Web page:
The exact route by which SARS-CoV-2 enters the CNS is still poorly understood. Coronaviruses have been reported to first invade peripheral nerve terminals, eventually reaching the CNS via a trans-synaptic transfer (18, 68). Viral antigens have been detected in brainstem nuclei such as the nucleus of the solitary tract and nucleus ambiguus (8, 10, 69). This indicates possible dysfunction of the cardiorespiratory center in the brainstem as a complication of coronaviruses infection. Disruption of the function of CNS respiratory centers in the brainstem is believed to exacerbate respiratory failure and impair the state of consciousness of individuals infected by coronaviruses.

Acute Necrotizing Encephalopathy (ANE)

ANE is a rare complication of viral infections like influenza, which may be caused by intracranial cytokine storms that break down the blood-brain-barrier (70). Evidence from the COVID-19 pandemic suggests that for a subgroup of patients with severe presentation, this condition might be complicated with cytokine storm syndrome (71). Radiological diagnosis of ANE was reported in a woman with COVID-19 who presented with altered mental status (24).

Acute Ischemic Stroke (AIS)

Accumulating evidence implies a possible link between infection with the novel SARS-CoV-2 and acute ischemic stroke (AIS). In general, infectious diseases of the respiratory system are a possible and independent risk factor for plaque rupture that results in AIS (72, 73). The cytokine storm caused by coronavirus infection increases the risk of thrombosis in general, and of AIS specifically (9, 71, 74). Moreover, changes in platelet count and D-dimer were reported in CoV-SARS2 infection (9). An Italian study showed an increase in the ratio of arterial as well as venous thromboembolic events in patients with COVID-19 (75). Of 388 patients in that study, AIS presented in nine (2.5%). Interestingly, the reason for hospitalization in six of the nine patients was the neurological presentation of AIS. An observational study of 184 patients hospitalized in the ICU with COVID-19 demonstrated that five of the surviving 78 had AIS (25). Similarly, a case series was published of five SARS-CoV-2 patients presenting with acute AIS secondary to large vessel occlusion (LVO) (26). All five patients were younger than 50 years old, two of them were without risk factors for stroke. In another case series of COVID-19 patients with AIS during their hospitalization (27), all six had risk factors for stroke, and were detected with LVO. Interestingly, three of the six patients demonstrated cerebral ischemia in vascular multiple territories. Notably, five of these patients had been positive to lupus anti-coagulant. This supports previous studies that suggested that infection with SARS-CoV-2 triggered production of antiphospholipid antibodies (76). In a case series of four patients with COVID-19 who presented with AIS, two of them had LVO of the middle cerebral artery (28). Taken together, the evidence suggests that infection with coronaviruses might increase the risk of AIS.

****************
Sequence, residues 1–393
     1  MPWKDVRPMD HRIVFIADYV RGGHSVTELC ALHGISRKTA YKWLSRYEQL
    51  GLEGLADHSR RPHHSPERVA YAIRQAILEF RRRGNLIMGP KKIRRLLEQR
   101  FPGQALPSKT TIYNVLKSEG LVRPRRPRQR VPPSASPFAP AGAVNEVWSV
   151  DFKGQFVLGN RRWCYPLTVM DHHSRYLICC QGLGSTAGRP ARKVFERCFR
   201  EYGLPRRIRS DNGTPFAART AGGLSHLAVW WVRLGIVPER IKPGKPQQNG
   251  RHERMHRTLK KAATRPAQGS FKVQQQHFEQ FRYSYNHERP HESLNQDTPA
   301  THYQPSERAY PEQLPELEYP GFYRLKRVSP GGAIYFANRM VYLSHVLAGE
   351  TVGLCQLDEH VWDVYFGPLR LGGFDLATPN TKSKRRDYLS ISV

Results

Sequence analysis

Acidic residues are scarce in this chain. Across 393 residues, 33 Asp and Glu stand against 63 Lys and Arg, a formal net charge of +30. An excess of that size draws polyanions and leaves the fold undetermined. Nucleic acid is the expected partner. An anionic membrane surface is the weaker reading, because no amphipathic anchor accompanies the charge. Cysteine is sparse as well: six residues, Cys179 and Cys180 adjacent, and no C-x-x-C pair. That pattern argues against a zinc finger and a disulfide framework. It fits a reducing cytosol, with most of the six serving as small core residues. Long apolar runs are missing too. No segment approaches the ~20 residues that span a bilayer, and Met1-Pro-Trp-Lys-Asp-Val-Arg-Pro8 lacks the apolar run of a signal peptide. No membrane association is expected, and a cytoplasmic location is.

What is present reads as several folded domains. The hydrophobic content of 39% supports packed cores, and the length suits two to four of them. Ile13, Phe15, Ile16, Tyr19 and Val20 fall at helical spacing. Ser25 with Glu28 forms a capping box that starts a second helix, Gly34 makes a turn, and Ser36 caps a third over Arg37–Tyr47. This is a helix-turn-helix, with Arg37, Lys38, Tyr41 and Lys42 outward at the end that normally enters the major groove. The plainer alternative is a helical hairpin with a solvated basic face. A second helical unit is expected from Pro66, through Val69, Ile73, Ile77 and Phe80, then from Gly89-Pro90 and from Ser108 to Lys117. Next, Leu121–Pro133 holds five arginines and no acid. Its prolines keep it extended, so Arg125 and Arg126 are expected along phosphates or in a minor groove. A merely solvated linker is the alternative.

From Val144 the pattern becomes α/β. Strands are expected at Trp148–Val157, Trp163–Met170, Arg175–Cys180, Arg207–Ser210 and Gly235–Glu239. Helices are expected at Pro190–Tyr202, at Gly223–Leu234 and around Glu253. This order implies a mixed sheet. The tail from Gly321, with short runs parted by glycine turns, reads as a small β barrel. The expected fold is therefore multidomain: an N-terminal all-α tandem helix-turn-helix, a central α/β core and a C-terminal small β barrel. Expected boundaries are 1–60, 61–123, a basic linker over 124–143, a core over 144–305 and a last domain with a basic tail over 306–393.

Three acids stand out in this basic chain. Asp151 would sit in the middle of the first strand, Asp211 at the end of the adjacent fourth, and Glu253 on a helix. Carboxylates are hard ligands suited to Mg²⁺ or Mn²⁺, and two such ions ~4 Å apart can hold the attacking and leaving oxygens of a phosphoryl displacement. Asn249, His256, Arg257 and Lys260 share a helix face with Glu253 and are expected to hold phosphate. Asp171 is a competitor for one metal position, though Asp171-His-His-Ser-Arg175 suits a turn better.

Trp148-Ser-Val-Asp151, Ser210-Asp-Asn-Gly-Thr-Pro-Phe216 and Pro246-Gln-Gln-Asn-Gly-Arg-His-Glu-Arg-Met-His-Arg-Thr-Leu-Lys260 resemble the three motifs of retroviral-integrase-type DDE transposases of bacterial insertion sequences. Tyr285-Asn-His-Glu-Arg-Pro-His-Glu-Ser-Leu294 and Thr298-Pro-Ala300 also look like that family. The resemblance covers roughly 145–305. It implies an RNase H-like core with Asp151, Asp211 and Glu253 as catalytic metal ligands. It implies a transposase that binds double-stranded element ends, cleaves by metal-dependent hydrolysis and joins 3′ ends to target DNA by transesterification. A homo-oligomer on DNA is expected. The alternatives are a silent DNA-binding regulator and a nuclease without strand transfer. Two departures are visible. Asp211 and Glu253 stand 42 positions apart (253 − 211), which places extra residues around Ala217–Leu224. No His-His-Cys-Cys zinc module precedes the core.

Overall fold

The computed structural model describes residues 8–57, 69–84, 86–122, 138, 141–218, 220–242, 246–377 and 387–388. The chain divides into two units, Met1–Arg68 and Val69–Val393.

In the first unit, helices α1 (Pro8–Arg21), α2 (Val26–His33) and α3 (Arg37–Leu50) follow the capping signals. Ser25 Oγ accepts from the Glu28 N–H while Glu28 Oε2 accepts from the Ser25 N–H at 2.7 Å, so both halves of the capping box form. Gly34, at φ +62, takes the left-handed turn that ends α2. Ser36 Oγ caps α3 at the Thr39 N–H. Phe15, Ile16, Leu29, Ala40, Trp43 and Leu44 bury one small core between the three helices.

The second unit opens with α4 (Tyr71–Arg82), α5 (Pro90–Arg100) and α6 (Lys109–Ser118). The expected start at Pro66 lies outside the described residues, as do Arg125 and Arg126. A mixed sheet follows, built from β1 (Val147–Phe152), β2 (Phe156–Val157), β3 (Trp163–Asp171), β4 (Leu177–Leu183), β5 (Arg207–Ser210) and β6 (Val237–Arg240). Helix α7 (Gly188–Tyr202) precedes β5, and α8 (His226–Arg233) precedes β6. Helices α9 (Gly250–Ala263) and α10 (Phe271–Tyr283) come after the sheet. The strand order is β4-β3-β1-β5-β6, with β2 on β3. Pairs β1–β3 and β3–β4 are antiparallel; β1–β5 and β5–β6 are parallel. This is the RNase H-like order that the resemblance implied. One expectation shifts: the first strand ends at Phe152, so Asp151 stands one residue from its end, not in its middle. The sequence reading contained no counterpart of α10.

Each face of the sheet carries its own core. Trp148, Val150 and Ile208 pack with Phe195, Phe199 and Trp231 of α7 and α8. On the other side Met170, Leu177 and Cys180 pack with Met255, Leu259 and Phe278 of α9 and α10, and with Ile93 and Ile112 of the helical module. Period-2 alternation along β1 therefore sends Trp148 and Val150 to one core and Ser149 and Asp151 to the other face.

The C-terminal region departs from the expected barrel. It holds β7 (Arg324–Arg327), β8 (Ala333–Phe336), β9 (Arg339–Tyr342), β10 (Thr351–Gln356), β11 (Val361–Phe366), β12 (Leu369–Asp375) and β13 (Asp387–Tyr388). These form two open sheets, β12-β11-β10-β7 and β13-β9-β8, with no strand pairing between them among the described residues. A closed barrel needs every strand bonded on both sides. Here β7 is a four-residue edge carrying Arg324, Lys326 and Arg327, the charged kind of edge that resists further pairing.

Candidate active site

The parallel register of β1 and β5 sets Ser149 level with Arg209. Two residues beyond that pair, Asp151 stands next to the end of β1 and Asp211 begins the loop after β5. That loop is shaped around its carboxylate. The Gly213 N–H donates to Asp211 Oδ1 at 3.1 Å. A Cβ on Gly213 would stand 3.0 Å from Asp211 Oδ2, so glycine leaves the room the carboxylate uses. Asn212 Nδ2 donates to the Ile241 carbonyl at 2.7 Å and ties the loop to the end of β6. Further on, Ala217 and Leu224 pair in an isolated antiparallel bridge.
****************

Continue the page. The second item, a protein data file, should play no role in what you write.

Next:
Other Neurological Manifestations

Additional neurological signs, reported in patients with severe SARS-CoV-2 with ARDS include myalgia (29, 77), diffuse corticospinal tract signs with enhanced tendon reflexes and ankle clonus, and dysexecutive syndrome (78). Interestingly, in the study that described the latter manifestations, imaging findings included perfusion abnormalities in all the patients, leptomeningial enhancement in most of them, and cerebral ischemia in about 23% (78). However, these results should be interpreted cautiously, as they may represent, at least in part, different effects of the critical illness state, regardless of the SARS-CoV-2 etiology.

Psychiatric Sequels

In general, the evidence available on the direct relations between respiratory neurotropic viruses and psychiatric disorders is relatively sparse. Specifically, a positive association was described between infection with coronaviruses (NL63 strain), as reflected by seropositivity, and mood disorders (79). An additional serological study demonstrated a rise in the level of antibodies against the same strain of coronaviruses in individuals with recent onset of psychosis (80).